So about this pine tar … what exactly is this stuff?

Hello, pine tar. Tell us, what is your major motivation?

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The hubbub over New York Yankees pitcher Michael Pineda’s pine tar ejection Wednesday night was far-reaching and opinionated:

• Did Boston Red Sox manager John Farrell break baseball’s unwritten code by complaining to umpires about Pineda?

• Was Yankees skipper Joe Girardi skirting blame for Pineda getting caught?

But all this attention around pine tar begs the question: What the heck is this stuff and why do big leaguers use it?

Per Wikipedia:

In baseball, pitchers are frowned upon, and sometimes punished, for using foreign substances on a baseball. However, there is some level of accepted usage within the game — for example, during cold-weather games it’s generally understood that pitchers will blow on their hands (obvious) and use a little pine tar (hidden) to simply help ensure their 90-plus mph fastballs go where they want. Most hitters would agree that is a good thing too, for their own safety.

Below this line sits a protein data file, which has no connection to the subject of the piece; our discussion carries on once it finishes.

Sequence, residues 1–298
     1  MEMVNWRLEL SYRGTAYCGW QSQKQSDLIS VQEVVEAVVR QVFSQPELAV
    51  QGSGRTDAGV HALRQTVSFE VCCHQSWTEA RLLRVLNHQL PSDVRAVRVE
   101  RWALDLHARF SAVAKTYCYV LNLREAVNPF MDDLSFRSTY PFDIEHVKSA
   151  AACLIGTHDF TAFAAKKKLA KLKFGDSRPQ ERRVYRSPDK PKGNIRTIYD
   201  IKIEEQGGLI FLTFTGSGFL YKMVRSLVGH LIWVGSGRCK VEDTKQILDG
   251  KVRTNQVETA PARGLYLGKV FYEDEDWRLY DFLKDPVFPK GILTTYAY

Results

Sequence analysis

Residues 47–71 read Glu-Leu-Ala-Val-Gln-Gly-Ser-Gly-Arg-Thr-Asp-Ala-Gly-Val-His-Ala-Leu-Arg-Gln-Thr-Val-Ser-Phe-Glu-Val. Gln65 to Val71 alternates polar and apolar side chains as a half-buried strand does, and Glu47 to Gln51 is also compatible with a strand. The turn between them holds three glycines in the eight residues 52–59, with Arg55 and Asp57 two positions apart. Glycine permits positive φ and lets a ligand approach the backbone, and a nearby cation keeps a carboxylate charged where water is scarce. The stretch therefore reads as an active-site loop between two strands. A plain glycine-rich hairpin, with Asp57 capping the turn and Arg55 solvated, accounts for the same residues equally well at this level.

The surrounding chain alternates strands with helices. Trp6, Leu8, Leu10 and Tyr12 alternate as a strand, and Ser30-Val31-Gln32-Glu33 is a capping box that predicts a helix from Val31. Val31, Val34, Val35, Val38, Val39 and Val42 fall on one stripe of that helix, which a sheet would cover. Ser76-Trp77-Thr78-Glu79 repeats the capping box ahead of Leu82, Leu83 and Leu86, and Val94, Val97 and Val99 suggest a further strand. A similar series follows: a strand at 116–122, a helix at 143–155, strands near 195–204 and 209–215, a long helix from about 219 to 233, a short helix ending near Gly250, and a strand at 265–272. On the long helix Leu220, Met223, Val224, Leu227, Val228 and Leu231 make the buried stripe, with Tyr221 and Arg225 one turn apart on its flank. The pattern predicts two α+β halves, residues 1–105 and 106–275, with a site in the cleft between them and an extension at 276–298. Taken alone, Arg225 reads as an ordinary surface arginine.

Several anonymous MLB pitchers shared exactly how they go about using foreign substances, exclusively to

Major League Baseball has certain rules about pine tar and other foreign substances and its use on the field. Officially, Rule 8.02 prohibits the application of any foreign substance to a ball — other than rubbing mud, which is applied by the umpires.

Hitters are known mainly to use pine tar on the handles of their bats to help improve grip while swinging, to avoid incidents like this . . .

Specifically regarding hitters, Rule 1.10(c) states that no bat is supposed to be allowed/used with pine tar or any other substance extending past 18 inches from the knob.

Most famous pine tar incident occurred in a 1983 game between the Yankees and Kansas City Royals, when Royals Hall of Fame third baseman George Brett hit an apparent go-ahead home run off New York’s Hall of Fame closer Goose Gossage. After the homer, the Yankees complained Brett had too much pine tar on his bat, and the umpiring crew called him out — setting off this classic reaction . . .